Khorog - the capital of the roof of the world
A Pea is good in Khorog,
A cadi hinted to me.
We`ve got a stormy Panj Sir
It is the biggest of all.
The voice of Pamir is heard from all around-
The roar of the gigantic mountain avalanches as well.
And the sheep are grazing in the valleys,
And the poppies are blooming on the slopes.
In fact the city has two streets and there are poplars are planted. One of the streets still has the name of Lenin and it is located at an altitude of 2,200 meters above sea level at the confluence of Gunt and Shahdara rivers at their confluence in Panj River. It borders with the Islamic Republic of Afghanistan. Khorog has a lot of interesting attractions, which are not found even in the capital of Tajikistan.
Khorog is located in a narrow valley and it dates back to the late XIX century. After the final establishment of the state border between the Russian Empire and Afghanistan, Russian border fortifications appeared in the small settlement of Khorog, which consisted of three houses and barracks. According to the agreement signed at that time, Russia has the right to maintain their military (border) garrisons in the Western Pamirs (in Gorno-Badakhshan).
In the fall of 1895 and till the spring of 1896 Russian border posts has been organized in Rushan, in the village of Kalai-Vamar, in Shugnan, in the village of Khorog and in Vakhan in the village of Dung. A few years later the headquarters of the Pamir border detachment, which was organized in 1893 in the "post Pamir" (now Murghab village), was moved to Khorog, which became in fact the center of administration of Shugnan, Rushan and Wakhan and formally they belonged to the Khanate of Bukhara.
The history of Pamirs as a whole during the Russian Empire and in particular Khorog begins from 1876, when the Kokand Khanate collapsed. But due to the small number of the population of the territory was in oblivion under the power of Russian authorities. This "oblivion" went on until the occupation of western Pamir Beks, Shugnan and Roshan by Afghan Wakhanis and when the Chinese have promoted its border checkpoints to the lake Jashilkul a clash took place between them and the Afghans. England had firmly established its position in Afghanistan against all of this background and decided to divide the Pamirs with China and particularly with Afghanistan sending military-diplomatic mission in Kashgar. However, these plans were not realized due to the vigilance of the Russian Empire consul in Kashgar Nikolai Petrovsky (1882-1903) and the military orientalist, Lieutenant General Bronislaw Grombchevski (member of Alay campaigns under the leadership of M.D. Skobelev in 1876 and a member of the General demonstration activities (Samarkand detachment) at the border with Afghanistan in 1878; a perfect master of UZ, TJ and Persian).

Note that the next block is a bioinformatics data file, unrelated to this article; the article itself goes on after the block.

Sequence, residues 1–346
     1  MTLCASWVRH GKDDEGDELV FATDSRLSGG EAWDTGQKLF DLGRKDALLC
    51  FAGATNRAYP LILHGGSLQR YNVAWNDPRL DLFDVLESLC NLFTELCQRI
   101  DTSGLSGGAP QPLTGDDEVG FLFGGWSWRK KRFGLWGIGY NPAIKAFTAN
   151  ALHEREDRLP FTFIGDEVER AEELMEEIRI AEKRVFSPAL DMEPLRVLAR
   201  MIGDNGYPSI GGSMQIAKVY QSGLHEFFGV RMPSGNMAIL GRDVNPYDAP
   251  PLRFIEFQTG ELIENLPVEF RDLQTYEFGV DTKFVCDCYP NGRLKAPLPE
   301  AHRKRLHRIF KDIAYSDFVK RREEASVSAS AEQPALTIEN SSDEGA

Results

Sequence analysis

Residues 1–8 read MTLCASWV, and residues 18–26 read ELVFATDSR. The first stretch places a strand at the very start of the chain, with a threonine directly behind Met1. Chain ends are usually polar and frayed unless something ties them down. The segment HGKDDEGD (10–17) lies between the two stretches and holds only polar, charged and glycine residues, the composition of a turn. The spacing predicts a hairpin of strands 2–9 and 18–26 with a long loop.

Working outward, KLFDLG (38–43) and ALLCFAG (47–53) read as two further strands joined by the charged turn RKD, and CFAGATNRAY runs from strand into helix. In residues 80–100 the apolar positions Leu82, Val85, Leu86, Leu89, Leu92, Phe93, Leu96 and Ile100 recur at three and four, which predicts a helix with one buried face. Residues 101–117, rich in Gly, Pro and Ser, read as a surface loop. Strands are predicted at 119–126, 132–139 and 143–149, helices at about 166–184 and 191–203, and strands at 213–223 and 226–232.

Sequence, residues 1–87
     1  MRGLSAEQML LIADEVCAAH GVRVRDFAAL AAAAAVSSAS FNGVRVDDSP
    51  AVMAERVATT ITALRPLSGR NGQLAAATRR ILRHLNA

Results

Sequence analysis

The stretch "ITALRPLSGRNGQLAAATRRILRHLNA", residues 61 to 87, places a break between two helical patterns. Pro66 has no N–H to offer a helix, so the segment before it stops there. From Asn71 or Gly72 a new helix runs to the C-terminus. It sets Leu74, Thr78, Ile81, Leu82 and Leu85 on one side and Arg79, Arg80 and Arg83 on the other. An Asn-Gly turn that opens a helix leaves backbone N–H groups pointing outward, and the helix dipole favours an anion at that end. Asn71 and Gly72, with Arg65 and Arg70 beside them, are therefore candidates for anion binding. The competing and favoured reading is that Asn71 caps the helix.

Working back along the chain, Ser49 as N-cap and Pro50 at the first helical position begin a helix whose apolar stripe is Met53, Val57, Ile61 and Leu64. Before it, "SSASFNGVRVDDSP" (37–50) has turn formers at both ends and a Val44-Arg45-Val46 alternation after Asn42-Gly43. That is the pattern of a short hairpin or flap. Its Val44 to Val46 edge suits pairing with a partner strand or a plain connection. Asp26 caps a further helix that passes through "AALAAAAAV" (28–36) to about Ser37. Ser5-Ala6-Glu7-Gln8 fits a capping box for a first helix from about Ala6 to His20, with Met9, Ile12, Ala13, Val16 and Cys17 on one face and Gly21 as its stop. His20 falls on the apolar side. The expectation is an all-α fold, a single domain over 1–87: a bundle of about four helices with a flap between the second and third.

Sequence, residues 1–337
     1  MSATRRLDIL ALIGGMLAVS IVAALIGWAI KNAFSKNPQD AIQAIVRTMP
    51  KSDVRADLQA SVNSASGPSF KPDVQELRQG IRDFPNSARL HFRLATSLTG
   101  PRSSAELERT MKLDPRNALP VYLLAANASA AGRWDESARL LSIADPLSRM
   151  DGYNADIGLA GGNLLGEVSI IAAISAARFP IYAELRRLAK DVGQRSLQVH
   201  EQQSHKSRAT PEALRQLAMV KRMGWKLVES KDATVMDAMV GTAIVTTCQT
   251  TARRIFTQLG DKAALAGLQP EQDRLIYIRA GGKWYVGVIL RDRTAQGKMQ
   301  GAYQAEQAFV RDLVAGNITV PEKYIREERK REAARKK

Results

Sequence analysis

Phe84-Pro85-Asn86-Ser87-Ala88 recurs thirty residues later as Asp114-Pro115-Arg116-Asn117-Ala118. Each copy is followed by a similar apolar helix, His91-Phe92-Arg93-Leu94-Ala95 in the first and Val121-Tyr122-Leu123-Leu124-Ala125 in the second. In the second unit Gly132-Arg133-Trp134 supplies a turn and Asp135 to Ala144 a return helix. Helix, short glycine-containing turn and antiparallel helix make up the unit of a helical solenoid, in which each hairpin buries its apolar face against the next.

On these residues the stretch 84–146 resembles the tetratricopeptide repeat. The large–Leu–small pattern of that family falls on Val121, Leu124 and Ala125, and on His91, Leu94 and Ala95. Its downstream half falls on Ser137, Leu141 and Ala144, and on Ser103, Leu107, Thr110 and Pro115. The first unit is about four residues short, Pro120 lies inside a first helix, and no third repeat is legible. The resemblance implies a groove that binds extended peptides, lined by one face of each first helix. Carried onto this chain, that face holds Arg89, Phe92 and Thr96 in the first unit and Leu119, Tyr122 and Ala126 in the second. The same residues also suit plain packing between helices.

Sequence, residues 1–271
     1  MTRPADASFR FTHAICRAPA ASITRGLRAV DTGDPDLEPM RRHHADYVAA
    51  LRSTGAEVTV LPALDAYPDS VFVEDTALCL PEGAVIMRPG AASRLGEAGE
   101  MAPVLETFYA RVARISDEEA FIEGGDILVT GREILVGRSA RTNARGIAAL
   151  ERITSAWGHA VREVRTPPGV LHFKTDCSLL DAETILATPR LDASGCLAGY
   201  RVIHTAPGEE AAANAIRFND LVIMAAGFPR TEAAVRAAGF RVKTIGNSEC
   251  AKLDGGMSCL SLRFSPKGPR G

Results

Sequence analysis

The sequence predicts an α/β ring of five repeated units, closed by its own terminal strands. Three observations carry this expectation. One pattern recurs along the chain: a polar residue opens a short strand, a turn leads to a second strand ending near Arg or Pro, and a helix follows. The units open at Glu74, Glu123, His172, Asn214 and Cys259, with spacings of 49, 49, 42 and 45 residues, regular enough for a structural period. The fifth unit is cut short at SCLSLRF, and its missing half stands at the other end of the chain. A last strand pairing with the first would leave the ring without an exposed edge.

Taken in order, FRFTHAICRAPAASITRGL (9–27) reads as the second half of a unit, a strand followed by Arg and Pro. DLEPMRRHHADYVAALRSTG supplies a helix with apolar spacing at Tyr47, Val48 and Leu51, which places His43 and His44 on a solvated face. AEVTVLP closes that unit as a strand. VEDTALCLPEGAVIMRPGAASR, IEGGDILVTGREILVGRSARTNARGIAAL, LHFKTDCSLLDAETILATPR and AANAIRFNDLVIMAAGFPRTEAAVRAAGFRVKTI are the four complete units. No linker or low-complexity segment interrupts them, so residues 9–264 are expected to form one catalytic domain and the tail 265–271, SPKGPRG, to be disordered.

The Russian Empire intervened on time and thanks to the coordinated actions of military units, particularly the Pamir that managed to keep the Pamirs as the representatives of indigenous peoples, struggling by the end of the XIX century to the last 17,000 souls and certainly without this action Pamirian as a nation would stop its existence because of the power of slavery in the region as a custom. The last slaves in the Pamirs were liberated in 1896 by the chief of the Pamir detachment captain N.A. Sulotsky, providing them with livestock "for the first time for their independent living".
Life in Khorog and its surroundings gradually began to change, a regular basis of goods were delivered by camel caravans from Osh on a paved road to the village. The Russian authorities opened a school for the local population and the medical assisting departments and from the 1920s of the XX century the number of households in Khorog were more than 90 and their amount continued to grow day by day.
In 1905 by the initiative of Colonel Yelagin who served in the Pamirs donated 10 thousand rubles for the construction of an Orthodox church in one of the mountainous border crossings. The budget of the Turkestan Governor-General A. Samson was spent for the construction of the church in Khorog at an altitude of 2600 m above sea level. The construction was started in 1911 and lasted five years until 1916. The glimpse of the Orthodox shrines coincided with the 25th anniversary of the establishment of the Pamir border detachment, as if to emphasize the importance of this facility for the border guards of the spirit. Unfortunately, the erected temple in honor of the Archangel Michael does not function.